This unusual clock in one of the rooms has a querky feature of a face with eyes that move with the swinging of the pendulum.  There is a name and place on the clock face which reads, John Elliott - London.

Croft Castle was said to have held many impressive dinner parties, one of them being a Hunt Ball which took place in 1930, so the dining room was set up to show off some if its silverware.

Through out the house there is a lot of decorative plaster work especially on this staircase.

This does not look a comfortable toilet, I guess the wide design allowed the ladies to use it with their billowing dresses.

Yet another staircase.

That's one large fireplace, with some interesting features.

Back outside this is the view from the front of the Castle with some old looking trees lining the view.

Here we can see Chapel which stands just to the right of the Castle which is dedicated to St Michael and All Angels, it dates back to around the 1300's.  The clock tower was added in the 17th Century.

This monument is to Sir Richard Croft who died in 1509 and his wife Eleanor, who lies next to him.  Lady Eleanor was the widow of Sir Hugh Mortimer, who was the uncle of the Duke Of York.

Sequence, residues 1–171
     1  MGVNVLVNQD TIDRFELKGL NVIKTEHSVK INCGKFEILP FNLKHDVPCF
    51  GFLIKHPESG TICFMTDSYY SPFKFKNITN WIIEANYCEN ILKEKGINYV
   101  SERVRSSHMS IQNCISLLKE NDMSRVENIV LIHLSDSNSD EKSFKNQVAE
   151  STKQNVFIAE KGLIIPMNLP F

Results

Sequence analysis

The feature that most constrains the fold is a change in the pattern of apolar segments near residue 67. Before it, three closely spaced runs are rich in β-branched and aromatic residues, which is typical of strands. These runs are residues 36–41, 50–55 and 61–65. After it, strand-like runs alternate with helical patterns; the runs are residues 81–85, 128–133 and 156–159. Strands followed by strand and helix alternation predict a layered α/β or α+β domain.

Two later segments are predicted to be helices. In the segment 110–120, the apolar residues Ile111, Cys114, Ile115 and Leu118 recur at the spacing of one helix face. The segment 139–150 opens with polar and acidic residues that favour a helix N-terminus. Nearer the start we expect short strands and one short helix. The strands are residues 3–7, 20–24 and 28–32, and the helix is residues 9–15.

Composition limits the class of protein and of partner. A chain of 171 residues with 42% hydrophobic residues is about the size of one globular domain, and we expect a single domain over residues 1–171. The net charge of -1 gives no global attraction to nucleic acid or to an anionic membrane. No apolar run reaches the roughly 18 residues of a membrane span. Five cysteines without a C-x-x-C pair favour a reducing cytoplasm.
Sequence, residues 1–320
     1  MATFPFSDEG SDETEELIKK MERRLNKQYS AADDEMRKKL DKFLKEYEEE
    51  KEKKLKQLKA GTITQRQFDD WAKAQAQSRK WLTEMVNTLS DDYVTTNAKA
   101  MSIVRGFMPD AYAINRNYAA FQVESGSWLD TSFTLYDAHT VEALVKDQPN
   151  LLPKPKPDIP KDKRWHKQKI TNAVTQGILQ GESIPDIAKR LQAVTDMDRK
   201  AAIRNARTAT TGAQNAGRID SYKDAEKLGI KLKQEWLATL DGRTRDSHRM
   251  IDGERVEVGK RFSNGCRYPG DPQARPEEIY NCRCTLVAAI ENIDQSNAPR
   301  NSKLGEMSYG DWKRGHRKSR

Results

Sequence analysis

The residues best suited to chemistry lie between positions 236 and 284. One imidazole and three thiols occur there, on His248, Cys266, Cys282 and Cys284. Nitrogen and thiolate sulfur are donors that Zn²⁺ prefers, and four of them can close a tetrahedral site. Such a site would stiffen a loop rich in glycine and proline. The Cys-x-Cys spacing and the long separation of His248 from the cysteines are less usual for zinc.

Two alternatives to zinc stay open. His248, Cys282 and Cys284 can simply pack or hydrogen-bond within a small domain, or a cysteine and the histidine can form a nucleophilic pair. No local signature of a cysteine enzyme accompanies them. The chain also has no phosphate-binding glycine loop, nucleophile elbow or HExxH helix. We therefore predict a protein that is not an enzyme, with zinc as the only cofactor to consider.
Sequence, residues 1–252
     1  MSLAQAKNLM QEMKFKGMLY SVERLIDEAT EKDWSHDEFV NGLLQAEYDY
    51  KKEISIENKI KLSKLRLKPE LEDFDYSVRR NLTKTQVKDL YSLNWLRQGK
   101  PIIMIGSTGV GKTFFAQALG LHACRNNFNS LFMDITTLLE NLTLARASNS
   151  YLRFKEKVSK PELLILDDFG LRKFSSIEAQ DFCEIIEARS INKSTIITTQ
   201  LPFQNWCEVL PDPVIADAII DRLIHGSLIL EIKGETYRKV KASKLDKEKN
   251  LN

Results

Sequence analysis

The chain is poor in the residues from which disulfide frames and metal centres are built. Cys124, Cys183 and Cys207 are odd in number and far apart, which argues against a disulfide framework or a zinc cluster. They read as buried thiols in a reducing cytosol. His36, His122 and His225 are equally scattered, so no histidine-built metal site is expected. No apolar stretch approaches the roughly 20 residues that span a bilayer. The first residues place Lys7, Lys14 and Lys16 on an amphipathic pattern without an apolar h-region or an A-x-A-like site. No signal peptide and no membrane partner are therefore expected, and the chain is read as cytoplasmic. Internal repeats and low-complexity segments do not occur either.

Back outside we are heading around the side of the Castle to the rear.

In one of the outbuildings to the rear you can see items used in carrying out laundry duties.  It certainly looked like hard work.

The garden at the rear here is walled and contains an orchard.

I have seen several Bug Hotels at various locations and love the individual designs, a good way of recycling.

A display of some of the items found, or to be seen, around the grounds.

I think these lovely looking flowers are Astrantia, a herbaceous plant also know as Masterwort.

This sea of pink that is attracting insects I think is a Sedum also know as Sedum Stonecrop.

Judging by the lean and the wind damage, these conifers have been here for sometime.

This Pink Poppy has some lovely patterns inside its petals.

An Anemone with its striking ring of yellow stamen against its pure white petals.

This glasshouse dates back to 1908 and was built by J. Weekes and Co, botanical engineers of London.  The National Trust have been restoring it over the last 12 months and are at the final stages.